Seems like he was more sorry that he got caught than that he offended atheists or broke the law.

  • I get the sense that Andy didn’t realize he was stepping on anybody’s rights. He just thought he was expressing his opinion much in the same way Sam Singleton was expressing his onstage. Obviously, Andy was wrong. I don’t expect him to understand what atheists have to deal with on a regular basis just yet, but I think he did pick up on the idea that discriminating against a group of people, be they the attendees of Skepticon or anyone else, was not the right thing to do. He doesn’t have to agree with us, and I don’t know why people want to hold him to the same standards they would a politician. All I want from him is an expectation that he will separate his personal beliefs from his business life, at least at the counter. I have confidence that he now knows better how to do that.

  • Rod Chlebek

    I don’t expect miracles… just a little progress. This is satisfying.

  • I don’t know why people want to hold him to the same standards they would a politician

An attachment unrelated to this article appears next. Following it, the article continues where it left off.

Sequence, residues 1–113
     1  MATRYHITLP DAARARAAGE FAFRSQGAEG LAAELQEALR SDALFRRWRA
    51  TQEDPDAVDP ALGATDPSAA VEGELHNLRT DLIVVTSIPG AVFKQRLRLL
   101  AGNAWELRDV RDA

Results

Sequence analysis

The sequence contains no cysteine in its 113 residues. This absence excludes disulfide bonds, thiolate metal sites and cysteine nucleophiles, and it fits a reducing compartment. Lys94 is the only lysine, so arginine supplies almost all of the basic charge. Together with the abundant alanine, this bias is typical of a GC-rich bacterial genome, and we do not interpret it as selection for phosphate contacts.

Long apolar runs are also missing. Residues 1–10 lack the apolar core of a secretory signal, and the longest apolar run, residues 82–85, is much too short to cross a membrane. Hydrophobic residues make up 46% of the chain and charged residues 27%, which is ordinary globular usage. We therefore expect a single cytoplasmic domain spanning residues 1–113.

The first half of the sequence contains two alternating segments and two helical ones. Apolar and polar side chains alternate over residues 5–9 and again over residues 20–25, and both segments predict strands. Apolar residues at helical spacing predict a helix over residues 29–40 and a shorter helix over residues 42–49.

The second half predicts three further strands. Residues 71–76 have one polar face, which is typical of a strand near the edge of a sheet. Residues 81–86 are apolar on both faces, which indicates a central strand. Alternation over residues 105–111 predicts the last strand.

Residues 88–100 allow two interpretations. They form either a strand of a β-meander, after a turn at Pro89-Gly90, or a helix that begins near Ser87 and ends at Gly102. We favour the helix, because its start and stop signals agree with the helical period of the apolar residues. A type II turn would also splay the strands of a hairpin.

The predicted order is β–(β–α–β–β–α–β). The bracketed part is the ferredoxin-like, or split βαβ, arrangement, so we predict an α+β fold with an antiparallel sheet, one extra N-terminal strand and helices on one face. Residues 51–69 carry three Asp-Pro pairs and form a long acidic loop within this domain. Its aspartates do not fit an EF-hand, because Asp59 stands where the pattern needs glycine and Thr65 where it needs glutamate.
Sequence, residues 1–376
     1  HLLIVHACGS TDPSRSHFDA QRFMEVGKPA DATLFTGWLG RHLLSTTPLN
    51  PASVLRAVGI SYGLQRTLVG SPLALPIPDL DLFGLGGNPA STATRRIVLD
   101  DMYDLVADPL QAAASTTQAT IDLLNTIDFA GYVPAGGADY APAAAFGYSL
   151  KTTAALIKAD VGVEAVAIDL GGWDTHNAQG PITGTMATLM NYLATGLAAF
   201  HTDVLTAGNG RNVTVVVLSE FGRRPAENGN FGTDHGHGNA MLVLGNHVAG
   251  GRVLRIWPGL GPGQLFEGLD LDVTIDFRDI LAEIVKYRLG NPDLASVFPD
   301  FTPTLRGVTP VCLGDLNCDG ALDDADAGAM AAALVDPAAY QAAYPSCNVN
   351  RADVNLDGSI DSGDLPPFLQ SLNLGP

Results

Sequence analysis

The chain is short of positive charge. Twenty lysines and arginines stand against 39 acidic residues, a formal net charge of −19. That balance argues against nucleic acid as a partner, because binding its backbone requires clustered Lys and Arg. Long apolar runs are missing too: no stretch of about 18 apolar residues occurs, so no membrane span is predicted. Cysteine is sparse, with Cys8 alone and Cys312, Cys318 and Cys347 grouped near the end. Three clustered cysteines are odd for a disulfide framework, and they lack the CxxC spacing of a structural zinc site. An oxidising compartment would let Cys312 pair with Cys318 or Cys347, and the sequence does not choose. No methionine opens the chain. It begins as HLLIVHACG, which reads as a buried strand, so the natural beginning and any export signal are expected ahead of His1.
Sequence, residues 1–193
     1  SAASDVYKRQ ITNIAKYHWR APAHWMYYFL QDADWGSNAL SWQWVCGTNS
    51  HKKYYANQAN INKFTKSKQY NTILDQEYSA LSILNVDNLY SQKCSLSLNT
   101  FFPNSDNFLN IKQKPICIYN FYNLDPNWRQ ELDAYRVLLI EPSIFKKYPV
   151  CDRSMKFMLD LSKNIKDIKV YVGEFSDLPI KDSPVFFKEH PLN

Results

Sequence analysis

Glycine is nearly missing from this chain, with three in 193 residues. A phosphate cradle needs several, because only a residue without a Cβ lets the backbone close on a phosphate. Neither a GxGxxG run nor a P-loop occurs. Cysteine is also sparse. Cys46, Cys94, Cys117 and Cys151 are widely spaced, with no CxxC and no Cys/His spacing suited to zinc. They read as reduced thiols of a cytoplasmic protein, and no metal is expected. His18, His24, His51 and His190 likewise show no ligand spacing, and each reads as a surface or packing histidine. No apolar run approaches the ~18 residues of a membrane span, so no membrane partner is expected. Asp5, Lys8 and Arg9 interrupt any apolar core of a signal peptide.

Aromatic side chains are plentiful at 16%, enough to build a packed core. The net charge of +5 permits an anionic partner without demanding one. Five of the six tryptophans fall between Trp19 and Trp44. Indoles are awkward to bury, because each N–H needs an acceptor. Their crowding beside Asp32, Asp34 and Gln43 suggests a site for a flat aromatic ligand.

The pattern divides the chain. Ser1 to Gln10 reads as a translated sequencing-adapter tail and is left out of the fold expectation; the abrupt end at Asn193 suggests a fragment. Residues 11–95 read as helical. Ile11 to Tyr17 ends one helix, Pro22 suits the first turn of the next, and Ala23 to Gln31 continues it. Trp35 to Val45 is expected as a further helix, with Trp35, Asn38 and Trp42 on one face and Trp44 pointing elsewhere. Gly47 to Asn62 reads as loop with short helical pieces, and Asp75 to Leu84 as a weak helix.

I’m not sure what you mean by this Hemant. I have a sense I may disagree with the sentiment, but without knowing quite what you mean, I can’t be sure. Can you elaborate?

  • Just that he ought to act in the best interest of everyone and not be guided by his personal beliefs. He’s a private citizen and I’m not surprised he didn’t realize the sign was wrong. He needed to be educated about that. He was, albeit after the fact. I’m sure he won’t make that mistake again.

  • Apparently saying “I think this guy is full of it” is now equal to making threats of violence against them.



  • Robert

    I don’t get this effort to go out of your way for someone who very likely did not learn any lesson beyond “don’t piss off potential customers”.

    This is what I take home from this incident: